As with the desktop version, ArcGIS is not free, however. It does offer a public version, but it is very limited and offers no analysis capabilities. “Subscription” accounts for organizations start at $2,500/year for 5 users — not exactly cheap. We are going to use it in this class, because we are fortunate that Carleton has a subscription and excellent support in the person of our GIS specialist, Wei-Hsin Fu. But I’ve also included information on open source alternatives at the bottom of this post.
Logging in to your College Account
In your email account, you should have received a message from ArcGIS Notifications.
Follow the link in the email to the Carleton College ArcGIS Online homepage (or go directly to carleton.maps.arcgis.com). You will be prompted to sign in to the account. Choose the Carleton College Account option and enter in your account information on the following page.
Creating a Map
In ArcGIS Online, click on theMaptab at the top of the page to bring up the main map editor window
Explore the main map interface. A few things to notice
There are three Guided Tours to get started (we’ll go over these in detail, but you have some built in help here)
The main operations you can perform are listed across the top menu. What can you do with a blank map? What can’t you do yet?
Note the relationship between the scale bar and the zoom control as you navigate around the map
What data do they give you by default?
Click the Basemap tab and explore the options. Pick one that is fairly neutral as a background to our data.
Upload and Map our Data
Now lets add our data to the map. There are two ways to do this
Click Add and choose to Add Layer from File then navigate through your computer to find the file you want. Note the types of files they allow you to upload
You can import a zipped shape file (ZIP: the default ESRI format for desktop GIS that is widely recognized by other GIS and web mapping platforms)
a comma, semi-colon, or tab delimited text file (CSV or TXT: this kind of tabular data is the most common way to collect your own information and will be portable just about anywhere, not to mention about as future proof as you can get
a GPS Exchange Format (GPX: this is data upload from a GPS tracker, say following a route you ran or biked that was logged by your phone or another GPS enabled device)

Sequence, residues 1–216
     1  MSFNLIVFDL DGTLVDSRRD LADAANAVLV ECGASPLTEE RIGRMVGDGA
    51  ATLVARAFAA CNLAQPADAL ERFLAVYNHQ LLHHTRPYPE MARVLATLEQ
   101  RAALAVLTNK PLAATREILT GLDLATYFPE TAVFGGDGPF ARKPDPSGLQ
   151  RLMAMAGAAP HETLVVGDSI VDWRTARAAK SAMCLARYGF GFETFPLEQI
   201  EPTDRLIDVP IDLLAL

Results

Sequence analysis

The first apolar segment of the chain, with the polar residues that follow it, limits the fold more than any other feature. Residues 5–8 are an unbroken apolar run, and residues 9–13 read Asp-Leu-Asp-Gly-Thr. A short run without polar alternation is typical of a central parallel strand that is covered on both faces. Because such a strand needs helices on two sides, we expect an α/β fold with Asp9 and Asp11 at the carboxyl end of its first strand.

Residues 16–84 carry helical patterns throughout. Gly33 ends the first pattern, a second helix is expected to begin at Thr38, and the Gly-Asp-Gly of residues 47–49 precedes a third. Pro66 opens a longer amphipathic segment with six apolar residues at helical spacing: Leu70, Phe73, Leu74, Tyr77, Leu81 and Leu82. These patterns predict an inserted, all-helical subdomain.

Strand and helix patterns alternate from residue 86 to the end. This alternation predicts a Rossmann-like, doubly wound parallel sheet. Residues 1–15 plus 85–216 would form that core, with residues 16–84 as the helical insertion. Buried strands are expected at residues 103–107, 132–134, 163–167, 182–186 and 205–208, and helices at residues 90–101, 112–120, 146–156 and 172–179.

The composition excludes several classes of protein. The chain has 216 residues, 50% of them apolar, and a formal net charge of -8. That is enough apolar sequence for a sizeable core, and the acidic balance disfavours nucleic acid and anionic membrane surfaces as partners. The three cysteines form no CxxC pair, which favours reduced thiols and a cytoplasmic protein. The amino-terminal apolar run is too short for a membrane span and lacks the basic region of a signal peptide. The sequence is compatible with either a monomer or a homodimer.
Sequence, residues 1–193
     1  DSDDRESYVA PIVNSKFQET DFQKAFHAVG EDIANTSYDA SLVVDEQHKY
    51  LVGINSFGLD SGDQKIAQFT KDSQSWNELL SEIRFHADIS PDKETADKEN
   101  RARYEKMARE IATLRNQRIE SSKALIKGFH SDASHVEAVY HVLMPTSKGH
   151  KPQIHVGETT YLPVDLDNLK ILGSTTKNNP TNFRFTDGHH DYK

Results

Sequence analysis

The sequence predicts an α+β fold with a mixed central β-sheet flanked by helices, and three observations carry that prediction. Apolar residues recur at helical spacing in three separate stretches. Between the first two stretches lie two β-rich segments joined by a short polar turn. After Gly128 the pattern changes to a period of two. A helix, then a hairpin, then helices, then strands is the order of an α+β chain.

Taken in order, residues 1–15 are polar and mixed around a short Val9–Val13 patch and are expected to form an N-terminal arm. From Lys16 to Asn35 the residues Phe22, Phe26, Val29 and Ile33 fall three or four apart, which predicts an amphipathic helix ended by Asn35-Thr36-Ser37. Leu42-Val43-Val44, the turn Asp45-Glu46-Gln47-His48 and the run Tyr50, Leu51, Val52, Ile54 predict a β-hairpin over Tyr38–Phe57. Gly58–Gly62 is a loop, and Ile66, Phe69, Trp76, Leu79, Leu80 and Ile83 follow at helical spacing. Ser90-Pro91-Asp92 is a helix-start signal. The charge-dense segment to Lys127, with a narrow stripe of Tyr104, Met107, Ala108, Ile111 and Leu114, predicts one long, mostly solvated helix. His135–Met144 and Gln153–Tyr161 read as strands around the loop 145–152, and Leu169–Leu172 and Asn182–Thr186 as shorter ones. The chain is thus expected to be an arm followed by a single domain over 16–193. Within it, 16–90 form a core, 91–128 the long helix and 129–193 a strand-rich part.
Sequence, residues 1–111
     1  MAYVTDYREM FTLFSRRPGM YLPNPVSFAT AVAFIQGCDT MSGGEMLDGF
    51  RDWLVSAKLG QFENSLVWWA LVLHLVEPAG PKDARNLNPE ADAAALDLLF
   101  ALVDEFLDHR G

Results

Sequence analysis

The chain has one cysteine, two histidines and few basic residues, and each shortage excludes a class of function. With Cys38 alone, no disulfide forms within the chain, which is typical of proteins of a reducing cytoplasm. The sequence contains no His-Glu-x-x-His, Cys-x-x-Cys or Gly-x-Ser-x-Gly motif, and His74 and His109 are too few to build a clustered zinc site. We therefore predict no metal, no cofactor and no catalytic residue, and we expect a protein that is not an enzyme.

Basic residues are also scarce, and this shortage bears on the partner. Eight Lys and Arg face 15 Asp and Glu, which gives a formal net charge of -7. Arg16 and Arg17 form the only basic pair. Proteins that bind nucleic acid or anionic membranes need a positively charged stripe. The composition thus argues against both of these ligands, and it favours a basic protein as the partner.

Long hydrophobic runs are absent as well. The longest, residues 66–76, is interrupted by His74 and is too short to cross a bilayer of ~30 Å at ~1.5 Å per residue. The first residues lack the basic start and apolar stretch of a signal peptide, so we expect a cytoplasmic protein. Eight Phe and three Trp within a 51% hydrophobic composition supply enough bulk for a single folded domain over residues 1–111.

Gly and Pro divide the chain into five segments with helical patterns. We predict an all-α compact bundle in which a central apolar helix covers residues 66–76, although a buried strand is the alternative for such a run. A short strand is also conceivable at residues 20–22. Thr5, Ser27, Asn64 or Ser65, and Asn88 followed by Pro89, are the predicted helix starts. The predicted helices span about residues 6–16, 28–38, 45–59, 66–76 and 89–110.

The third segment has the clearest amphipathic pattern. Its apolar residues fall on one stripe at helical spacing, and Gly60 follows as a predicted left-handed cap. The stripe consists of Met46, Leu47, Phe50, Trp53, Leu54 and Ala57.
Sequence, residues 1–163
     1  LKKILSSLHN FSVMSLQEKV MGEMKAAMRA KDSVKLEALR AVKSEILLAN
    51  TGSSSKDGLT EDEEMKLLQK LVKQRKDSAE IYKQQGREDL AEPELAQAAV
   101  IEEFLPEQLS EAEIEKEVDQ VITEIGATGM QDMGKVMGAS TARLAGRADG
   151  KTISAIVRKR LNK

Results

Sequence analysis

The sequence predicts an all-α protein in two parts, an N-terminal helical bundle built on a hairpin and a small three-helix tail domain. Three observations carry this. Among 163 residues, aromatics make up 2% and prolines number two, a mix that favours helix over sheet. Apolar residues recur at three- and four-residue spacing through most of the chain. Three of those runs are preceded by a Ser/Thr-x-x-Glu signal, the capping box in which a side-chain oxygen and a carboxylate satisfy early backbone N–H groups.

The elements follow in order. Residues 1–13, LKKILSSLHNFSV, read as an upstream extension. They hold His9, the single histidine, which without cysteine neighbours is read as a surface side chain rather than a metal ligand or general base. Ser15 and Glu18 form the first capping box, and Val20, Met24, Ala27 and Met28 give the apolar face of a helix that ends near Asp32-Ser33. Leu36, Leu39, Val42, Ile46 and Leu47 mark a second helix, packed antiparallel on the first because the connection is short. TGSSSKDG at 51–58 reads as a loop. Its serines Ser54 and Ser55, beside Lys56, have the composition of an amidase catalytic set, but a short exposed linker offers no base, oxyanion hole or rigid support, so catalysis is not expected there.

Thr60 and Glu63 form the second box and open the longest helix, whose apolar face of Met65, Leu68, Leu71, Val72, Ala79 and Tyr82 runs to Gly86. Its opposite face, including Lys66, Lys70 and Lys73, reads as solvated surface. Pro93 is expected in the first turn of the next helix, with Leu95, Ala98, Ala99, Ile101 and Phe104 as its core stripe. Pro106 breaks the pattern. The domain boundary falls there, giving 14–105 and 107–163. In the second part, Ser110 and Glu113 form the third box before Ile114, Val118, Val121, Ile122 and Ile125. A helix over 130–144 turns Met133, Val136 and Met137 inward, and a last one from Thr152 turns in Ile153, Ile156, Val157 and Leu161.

Drag and drop a file onto the map window
The second option is much easier and quicker, but either way, find “early-colleges.csv” and upload it. You should be presented with the following import options
Like Google’s Fusion Tables, ArcGIS Online is going to try to geocode your data and provide latitude and longitude coordinates for any place references in your data set by comparing them to a gazetteer (a place-based dictionary) somewhere. It should have correctly recognized the city and state columns as Location Fields
Click Add Layer and see how it did.
Click on a couple of the points on your new map at random to verify if they look correct. The geocoder is pretty good, but ArcGIS does not provide much in the way of error checking and you can’t easily tell what it got wrong just by looking. Buyer beware!
Symbolize and Visualize the Data
By default, the application will try to figure out some pattern in your data and will suggest an attribute to symbolize by. Already, we can see the benefits of a more robust GIS over the simple uniform symbols used on the Fusion Table map.
Explore the style options down the left hand column.
How do the data look if you choose a different attribute to show?
How do the single symbol, heat map, and types options differ? Which is most appropriate for these data?
Explore the various symbolization options under the Types (Unique symbols) drawing style.
Figure out a map display that you are comfortable with and press DONE when you are finished.
Now that you have mapped some data, what else can do with it?
Check out the options below the layer and see if you can do the following
Show the table of the data. How is it different than or similar to the original CSV?
Create labels for the points that use an appropriate value from the data table, and change the style to your liking
Configure the Pop-Up to show a Custom Attribute Display and combine the data from several fields into a sentence.
Change the value of a point already in your dataset
Add Carleton College to the data set
So what? Asking and Answering Questions
We’ve got a map, but what does it tell us? What can we learn from it that we couldn’t learn from reading the data in a table?
One of the greatest benefits of a GIS system is that we can compare different types of data based on their geographic proximity and spatial relationships. ArcGIS online allows access to a multitude of other datasets hosted on its own servers and around the internet. Let’s see how our data look compared to other information. Can we make it tell other stories of interest?
Click Add again, but this time choose Search for Layers
See if you can find some boundary layers, population data, or land cover information that seems to have a relationship with the colleges that might be meaningfully interpreted.
You might also search the internet for other GIS datasets that might be fruitfully compared.